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As mad and excessive as the king it portrays, Luchino Visconti’s Ludwig – about the “mad” King Ludwig II (1845-1886) of Bavaria – is a vast, sprawling and endlessly sumptuous display of the excesses of a monarch who’s clearly off his chump.

It got absolutely hammered by the US critics when it opened there in 1973 – Roger Ebert gave it one star and described it as “lethargic and persistently uninteresting”. The New York Times said it was “bereft of ideas”. And neither of them had seen the full-length four-hour version. At least 30 minutes had been lopped for its US distribution.

Which is a pity, because the sheer unwieldy size of the thing is largely its point. Ludwig’s excess became legendary – his castle at Neuschwanstein is familiar to everyone as a result of Disney borrowing its lines for their fairytale castle – but Ludwig’s castle-building mania did not stop there. There was his Herrenschiemsee, his copy of French king Louis XIV’s castle at Versaille, plus various others, most of which Visconti uses as backdrops. One of this film’s great claims is its authenticity.

Great noble families adapting to the modern era was one of Visconti’s abiding concerns. He was a count himself and grew up in a palazzo and various castles. He knew whereof he spoke and returned to the subject regularly – most successfully in The Leopard, where democracy is the emerging force to be dealt with by a noble family. Less successfully in The Damned, where the Nazis present a challenge to a vastly wealthy dynasty of German industrialists.

Trevor Howard as Richard Wagner
Trevor Howard as Richard Wagner

Here there is no external challenge. Ludwig’s fight is with the licence that monarchy grants, and with his own tendency towards excess. A case of “with great power comes no responsibility whatsoever” and what that leads to. Helmut Berger is perfect casting as the increasingly dissolute, disconnected and clueless monarch, who we meet lisping elegantly on the deathbed of his father and who we’ll follow through his 22-year reign to his own early death, after having first been deposed by state ministers who can no longer put up with his vainglorious projects (and his sheer refusal to do any royal “work” at all).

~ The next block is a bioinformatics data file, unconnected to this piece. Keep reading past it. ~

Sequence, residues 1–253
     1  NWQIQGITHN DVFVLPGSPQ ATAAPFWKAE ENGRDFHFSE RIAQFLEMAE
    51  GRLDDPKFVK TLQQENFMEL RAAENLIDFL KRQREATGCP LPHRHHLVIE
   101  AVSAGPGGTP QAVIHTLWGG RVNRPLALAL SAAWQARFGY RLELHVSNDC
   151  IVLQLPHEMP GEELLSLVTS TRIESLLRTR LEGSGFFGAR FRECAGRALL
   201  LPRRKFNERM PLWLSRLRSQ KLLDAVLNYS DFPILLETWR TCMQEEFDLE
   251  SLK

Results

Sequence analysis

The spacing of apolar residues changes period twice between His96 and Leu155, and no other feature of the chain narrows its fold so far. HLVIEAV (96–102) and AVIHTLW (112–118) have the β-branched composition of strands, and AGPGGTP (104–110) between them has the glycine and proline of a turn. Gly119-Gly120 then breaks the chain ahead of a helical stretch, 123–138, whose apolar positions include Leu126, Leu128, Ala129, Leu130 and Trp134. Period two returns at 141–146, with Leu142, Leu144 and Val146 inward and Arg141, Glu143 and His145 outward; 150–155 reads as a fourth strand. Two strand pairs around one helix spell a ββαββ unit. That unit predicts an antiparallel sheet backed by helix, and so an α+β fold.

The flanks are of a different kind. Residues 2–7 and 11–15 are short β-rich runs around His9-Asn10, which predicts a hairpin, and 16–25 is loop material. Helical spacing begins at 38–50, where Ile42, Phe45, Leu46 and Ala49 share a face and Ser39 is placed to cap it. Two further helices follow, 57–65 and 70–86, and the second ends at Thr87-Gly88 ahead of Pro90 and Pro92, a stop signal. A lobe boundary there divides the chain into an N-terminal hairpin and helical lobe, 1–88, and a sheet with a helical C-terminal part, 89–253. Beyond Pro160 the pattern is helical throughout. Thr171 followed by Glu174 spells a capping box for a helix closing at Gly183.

Ludwig seems from our first encounter with him obviously gay and so his close relationship with Elisabeth of Austria (Romy Schneider) is initially puzzling, until it becomes clear that this is just another example of massive self-delusion on Ludwig’s part, and a clear-eyed understanding of the situation on Elisabeth’s. Not for a second does she consider Ludwig as a potential romantic partner. Instead she offers up Sophie (Sonia Petrovna), another royal cousin, as a wife, while Ludwig, free from the necessity of pretending any more, begins to explore his homosexual tendencies. A strapping servant here, a horseman there, an entire battalion of soldiers in one of the film’s set pieces – a grand, listless orgy featuring quite a lot of young men in lederhosen.

Berger begins to look increasingly like a vampire, red-eyed and wan, and Visconti piles on the gothic excess to emphasise the point. In a sense nothing much happens in this film – both Ebert and the NYT are right – except the one big thing. The slo-mo depiction of the slow fall of Ludwig. There is no complicated story. No psychology. No flashbacks. Visconti gradual slides us from light to dark, from wide vistas to tight shots, from female company to male. Even the weather closes in. Things get murky.

It’s gothic, slow and eye-catching. Visconti stages it magnificently. What an eye for a crowd scene the man had, and what locations these are, gorgeously lit by Armando Nannuzzi and frequently featuring the grand romantic sweeps of the music of Wagner (who crops up as a story element, played by an unlikely but convincing Trevor Howard). It’s like drowning in expensive chocolate, a portrait of decay that’s unafraid to take it slow, because that’s how decadence takes hold.

Ludwig – Watch it/buy it at Amazon

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© Steve Morrissey 2023

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